We find the case of Gust v. Flint, 257 Ga. 129 ( 356 S.E.2d 513) to be dispositive. In that case, the Supreme Court reversed the decision of this court in Flint v. Gust, 180 Ga. App. 904 ( 351 S.E.2d 95), holding that "[t]he unrebutted affidavits filed in support of the out-of-state defendants' motion to dismiss clearly establish that the defendants have done none of the acts set forth in OCGA § 9-10-91 which must be done in order to subject them to personal jurisdiction of a Georgia court." Id. at 130. The facts of this case reflect that Flint, a Georgia resident, responded to an advertisement printed in a trade paper published outside the state but mailed to Flint in Georgia. Flint, responding to the ad, personally contacted the defendants by telephone and a bargain was struck between the parties at that time. Pursuant to the terms of the bargain, Flint sent the defendants a $6,000 deposit. After the defendants received the deposit, they stated they could not deliver the truck and trailer ordered and attempted to switch a substitute therefor. When Flint refused to accept the substitution offered, the defendants refused to return his deposit. Flint filed suit in Georgia, and the defendants moved to dismiss the complaint alleging that they were not subject to personal jurisdiction under the Georgia long-arm statute. In support of their motion, defendants filed an affidavit, that was not traversed, showing in pertinent part that the defendants (a) did not regularly do business or solicit business within Georgia; (b) did not engage in any persistent course of conduct in Georgia; and (c) did not derive substantial revenue from services rendered with the state of Georgia. The affidavit submitted by the appellant in this case, together with the uncontested facts, and reasonable inferences therefrom, contained in the medical records properly before this court and the letters of appellant's traveling companion, establish substantially the same relevant evidence for purposes of resolving the question of jurisdiction as was before the Supreme Court in Gust v. Flint. Accordingly, we find that the record before us clearly establishes that none of the required acts set forth in OCGA § 9-10-91 has been done by the appellant in this case, and that therefore personal jurisdiction is lacking over the appellant. Conversely, we find that the facts of this case are distinguishable from those found in Shellenberger v. Tanner, 138 Ga. App. 399 ( 227 S.E.2d 266) and that Shellenberger is not dispositive of the issues raised by the unique facts before us.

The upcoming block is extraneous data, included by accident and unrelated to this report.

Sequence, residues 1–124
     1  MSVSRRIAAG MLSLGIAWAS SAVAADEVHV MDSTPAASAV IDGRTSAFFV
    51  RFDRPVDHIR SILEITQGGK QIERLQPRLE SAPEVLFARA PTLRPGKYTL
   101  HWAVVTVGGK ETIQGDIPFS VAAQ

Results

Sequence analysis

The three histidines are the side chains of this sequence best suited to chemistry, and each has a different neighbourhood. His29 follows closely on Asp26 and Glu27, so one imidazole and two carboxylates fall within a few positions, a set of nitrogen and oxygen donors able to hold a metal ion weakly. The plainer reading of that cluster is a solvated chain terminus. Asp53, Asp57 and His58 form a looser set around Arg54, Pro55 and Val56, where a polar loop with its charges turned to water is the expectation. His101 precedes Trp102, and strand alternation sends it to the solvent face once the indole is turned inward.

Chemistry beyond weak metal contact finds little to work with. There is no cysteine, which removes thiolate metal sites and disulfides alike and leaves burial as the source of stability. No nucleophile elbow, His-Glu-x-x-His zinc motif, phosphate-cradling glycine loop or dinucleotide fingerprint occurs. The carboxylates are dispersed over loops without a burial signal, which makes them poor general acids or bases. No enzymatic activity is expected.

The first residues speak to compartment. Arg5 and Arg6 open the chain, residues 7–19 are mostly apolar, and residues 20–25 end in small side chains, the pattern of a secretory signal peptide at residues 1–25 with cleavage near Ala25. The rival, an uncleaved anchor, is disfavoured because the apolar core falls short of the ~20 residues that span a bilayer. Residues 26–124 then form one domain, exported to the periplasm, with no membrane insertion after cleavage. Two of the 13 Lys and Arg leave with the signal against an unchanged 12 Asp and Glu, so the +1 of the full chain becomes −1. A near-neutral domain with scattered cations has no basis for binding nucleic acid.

Further, subsection (1), (2) and (3) of OCGA § 9-10-91 all require that in order to subject the nonresident defendant to the jurisdiction of Georgia courts, it must be established that the nonresident had "minimum contacts" in this state so that the exercise of jurisdiction is consistent with "`traditional notions of fair play and substantial justice.'" Yarbrough v. Estate of Yarbrough, 173 Ga. App. 386, 387 ( 326 S.E.2d 517), citing International Shoe Co. v. State of Washington, 326 U.S. 310, 316 ( 66 SC 154, 90 LE 95); see Davis Metals v. Allen, 230 Ga. 623, 625 ( 198 S.E.2d 285). Notwithstanding other relevant consideration, "the constitutional touchstone remains whether the defendant purposefully established `minimum contacts' in the forum State." Burger King Corp. v. Rudzewicz, 471 U.S. 462, 474 (105 SC 2174, 85 L.Ed.2d 528). It is critical to this due process analysis that the nonresident defendant's "`conduct and connection with the forum State are such that he should reasonably anticipate being haled into court there.'" Id. Generally, a potential defendant should "`reasonably anticipate' out-of-state litigation" when it is shown that there was some act by which the defendant purposefully availed himself of the privilege of conducting activities within the forum State, thus invoking the benefits and protections of its laws. Id. at 474-475. As stated in Burger King, "[t]his `purposeful availment' requirement ensures that a defendant will not be haled into a jurisdiction solely as a result of `random,' `fortuitous,' or `attenuated' contacts... ." Id. at 475. Although it is true that "[s]o long as it creates a `substantial connection' with the forum, even a single act [by the nonresident defendant] can support jurisdiction," nevertheless "`some single or occasional acts' related to the forum may not be sufficient to establish jurisdiction if `their nature and quality and the circumstances of their commission' create only an `attenuated' affiliation with the forum." Id. at 475, fn. 18. "This distinction derives from the belief that, with respect to this category of `isolated' acts, [cit. omitted] the reasonable foreseeability of litigation in the forum is substantially diminished." (Emphasis supplied.) Id. at 476, fn. 18.